I was interested to read some of the comments to my recent post On a Mission. I thought my approach was very tempered and a good way to open a dialogue. Nothing feels less comfortable to me than never addressing a major issue. I know there are times to address it and ways to approach things respectfully and lightly but never? Never, ever? That just feels wrong. So while I appreciate the idea that I should just leave things alone and the sentiment behind it, that ain’t me. I feel too strongly about this to just sit back and watch someone I care about become a morg. :)
The good news is, I got a great response from my BIL. I didn’t really think he would take it badly but I guess you never really know until you try. I won’t repeat verbatim what he wrote because I feel like that would be bad form but basically he agreed with me that credit should be given to doctors, technology, science etc. but that crediting God is also important because for many, it really is their faith that keeps them going. Fair enough I suppose.
He maintains that he has seen prayer at work (and gave me an example of a woman in his mission who has been trying to get pregnant and only a week after receiving a priesthood blessing, found out she was expecting. Oh, and the missionary correctly predicted it would be a girl) and that it is the greatest outward expression of inner faith. He wasn’t the least bit offended and so I am happy that I have started a discussion at the very least.
It is too easy for myths and stereotypes about atheists to persist when we fail to identify ourselves as such. So, in my reply to his email, I thanked him for his response and told him I thought it was well-considered and respectful (which it was) and that as an atheist, prayer is likely not something we will ever agree on but that there is always value in trying to understand the people you love. Baby steps.
The example of “prayer in action” that he gave me is so typical and so pervasive. To be able to see the example for what it is requires a lot; an acceptance of true coincidence, an understanding of basic statistics and probability, an appreciation for the human brain to create what it wants (“If all you have is a hammer, everything looks like a nail” – Mark Twain) and the maturity to recognize that a lot of stories, are just down right lies. How do you effectively deconstruct this example in a way someone of faith can grasp where you are coming from? I mean, I know that there is only one way to end a drought (whether it be of the moisture or the baby variety) and so a prediction like that will almost always be true with time. I know that there are only two options for a baby and that predicting it’s a girl is not statistically relevant – not even close. I know that people tend to count the hits and ignore the misses and that it’s just as likely that the missionary told her she was going to get pregnant several times before she actually did, or that the story was revised to be even more faith-promoting with each repetition. I know that by no means does this example prove that prayer works and yet, for some, it does.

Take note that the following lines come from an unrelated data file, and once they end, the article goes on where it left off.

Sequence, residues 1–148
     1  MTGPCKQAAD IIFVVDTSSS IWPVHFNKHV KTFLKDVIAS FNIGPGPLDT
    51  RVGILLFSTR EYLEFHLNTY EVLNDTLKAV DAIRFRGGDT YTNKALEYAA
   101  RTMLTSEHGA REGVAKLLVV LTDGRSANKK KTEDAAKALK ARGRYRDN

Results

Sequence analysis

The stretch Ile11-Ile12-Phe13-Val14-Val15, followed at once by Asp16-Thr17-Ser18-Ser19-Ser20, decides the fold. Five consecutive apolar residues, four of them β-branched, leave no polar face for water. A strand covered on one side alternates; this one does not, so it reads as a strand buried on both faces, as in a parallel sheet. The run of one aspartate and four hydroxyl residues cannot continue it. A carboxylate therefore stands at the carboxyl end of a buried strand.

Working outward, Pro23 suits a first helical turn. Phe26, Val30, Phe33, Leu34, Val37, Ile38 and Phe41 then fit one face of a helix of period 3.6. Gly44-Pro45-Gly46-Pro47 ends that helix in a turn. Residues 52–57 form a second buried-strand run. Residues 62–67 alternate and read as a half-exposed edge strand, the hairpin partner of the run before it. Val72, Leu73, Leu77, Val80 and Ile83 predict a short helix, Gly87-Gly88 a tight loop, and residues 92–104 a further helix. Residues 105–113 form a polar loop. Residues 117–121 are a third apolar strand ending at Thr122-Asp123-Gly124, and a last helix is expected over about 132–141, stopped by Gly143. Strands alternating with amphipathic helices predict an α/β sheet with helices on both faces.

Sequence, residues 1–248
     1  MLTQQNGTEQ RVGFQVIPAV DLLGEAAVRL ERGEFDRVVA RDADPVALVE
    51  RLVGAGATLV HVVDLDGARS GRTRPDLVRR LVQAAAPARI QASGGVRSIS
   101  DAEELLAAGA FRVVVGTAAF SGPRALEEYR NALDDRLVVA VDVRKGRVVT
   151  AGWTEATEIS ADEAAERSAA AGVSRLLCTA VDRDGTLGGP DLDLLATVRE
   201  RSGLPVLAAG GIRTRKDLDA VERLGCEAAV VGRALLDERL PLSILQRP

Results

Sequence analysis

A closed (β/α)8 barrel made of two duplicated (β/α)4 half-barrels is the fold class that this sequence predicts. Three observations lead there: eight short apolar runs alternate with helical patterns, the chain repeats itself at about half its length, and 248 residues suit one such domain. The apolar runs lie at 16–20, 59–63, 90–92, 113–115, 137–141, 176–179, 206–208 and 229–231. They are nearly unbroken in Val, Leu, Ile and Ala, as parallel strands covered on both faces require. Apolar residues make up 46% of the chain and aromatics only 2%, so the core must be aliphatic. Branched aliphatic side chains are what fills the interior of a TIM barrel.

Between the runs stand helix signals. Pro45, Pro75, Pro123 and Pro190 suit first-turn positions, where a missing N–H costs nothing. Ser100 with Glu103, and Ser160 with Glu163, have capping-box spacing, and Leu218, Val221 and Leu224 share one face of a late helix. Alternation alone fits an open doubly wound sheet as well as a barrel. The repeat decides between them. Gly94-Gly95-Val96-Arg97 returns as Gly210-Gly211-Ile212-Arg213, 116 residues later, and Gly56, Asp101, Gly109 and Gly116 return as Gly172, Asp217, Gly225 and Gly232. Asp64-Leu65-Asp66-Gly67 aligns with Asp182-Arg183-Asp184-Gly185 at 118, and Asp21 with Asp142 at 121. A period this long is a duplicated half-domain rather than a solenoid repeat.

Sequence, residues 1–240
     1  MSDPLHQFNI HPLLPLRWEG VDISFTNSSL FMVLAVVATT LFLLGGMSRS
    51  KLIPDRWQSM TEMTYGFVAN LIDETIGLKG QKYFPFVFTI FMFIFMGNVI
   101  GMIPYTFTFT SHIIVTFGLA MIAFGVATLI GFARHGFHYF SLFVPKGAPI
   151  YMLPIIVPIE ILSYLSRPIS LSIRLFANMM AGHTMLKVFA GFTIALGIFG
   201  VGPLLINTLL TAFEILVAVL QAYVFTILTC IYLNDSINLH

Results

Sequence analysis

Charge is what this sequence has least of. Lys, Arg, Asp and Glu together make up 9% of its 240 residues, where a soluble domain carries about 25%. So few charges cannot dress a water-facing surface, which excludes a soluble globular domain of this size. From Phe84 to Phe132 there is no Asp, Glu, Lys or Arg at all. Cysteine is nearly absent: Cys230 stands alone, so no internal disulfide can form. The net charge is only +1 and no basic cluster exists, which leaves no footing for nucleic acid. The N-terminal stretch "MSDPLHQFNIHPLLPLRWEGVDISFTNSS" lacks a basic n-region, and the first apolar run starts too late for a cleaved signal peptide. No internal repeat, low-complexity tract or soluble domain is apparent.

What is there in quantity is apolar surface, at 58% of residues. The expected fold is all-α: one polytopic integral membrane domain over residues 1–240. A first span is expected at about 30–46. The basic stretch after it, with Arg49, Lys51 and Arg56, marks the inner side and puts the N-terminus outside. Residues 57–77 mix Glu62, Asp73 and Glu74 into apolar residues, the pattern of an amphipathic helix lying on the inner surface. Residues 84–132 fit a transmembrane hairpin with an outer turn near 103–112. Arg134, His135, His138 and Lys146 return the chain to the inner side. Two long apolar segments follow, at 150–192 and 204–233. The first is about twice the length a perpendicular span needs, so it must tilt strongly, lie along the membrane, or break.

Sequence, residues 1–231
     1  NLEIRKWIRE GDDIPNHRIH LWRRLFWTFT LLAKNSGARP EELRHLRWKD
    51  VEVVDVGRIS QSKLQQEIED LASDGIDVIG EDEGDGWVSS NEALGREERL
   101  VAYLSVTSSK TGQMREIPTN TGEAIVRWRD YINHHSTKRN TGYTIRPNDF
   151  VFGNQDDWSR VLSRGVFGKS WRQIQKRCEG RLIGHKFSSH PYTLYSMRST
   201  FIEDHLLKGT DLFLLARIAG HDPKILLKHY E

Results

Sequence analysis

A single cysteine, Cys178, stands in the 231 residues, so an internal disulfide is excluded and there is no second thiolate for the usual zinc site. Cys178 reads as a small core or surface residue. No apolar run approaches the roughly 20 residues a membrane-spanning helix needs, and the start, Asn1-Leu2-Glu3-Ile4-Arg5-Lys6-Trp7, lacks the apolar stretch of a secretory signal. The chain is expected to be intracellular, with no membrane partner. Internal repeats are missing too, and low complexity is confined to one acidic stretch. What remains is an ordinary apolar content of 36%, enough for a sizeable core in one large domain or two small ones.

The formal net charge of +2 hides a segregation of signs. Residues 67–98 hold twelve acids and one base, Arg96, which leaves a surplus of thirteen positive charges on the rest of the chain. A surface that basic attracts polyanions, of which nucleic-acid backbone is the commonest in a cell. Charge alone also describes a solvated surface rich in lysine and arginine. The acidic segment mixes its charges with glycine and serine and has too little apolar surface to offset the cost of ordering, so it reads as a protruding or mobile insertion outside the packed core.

I feel lucky to have a strong background in science and I credit that largely for my atheism. I studied neuroscience with some very impressive people with wicked minds and an almost universal lack of belief in God. I learned how to think, deconstruct, spot the faulty assumption or premise and apply the scientific method to the world around me. It is not realistic to think that everyone could (or would want to) have that kind of experience. So, how do you teach basic critical thinking to young people in a way that isn’t threatening?
This could be a whole other post, but I’m a big believer that this should be taught to every student in the world. At least it would be a start.
Will keep you updated on BIL.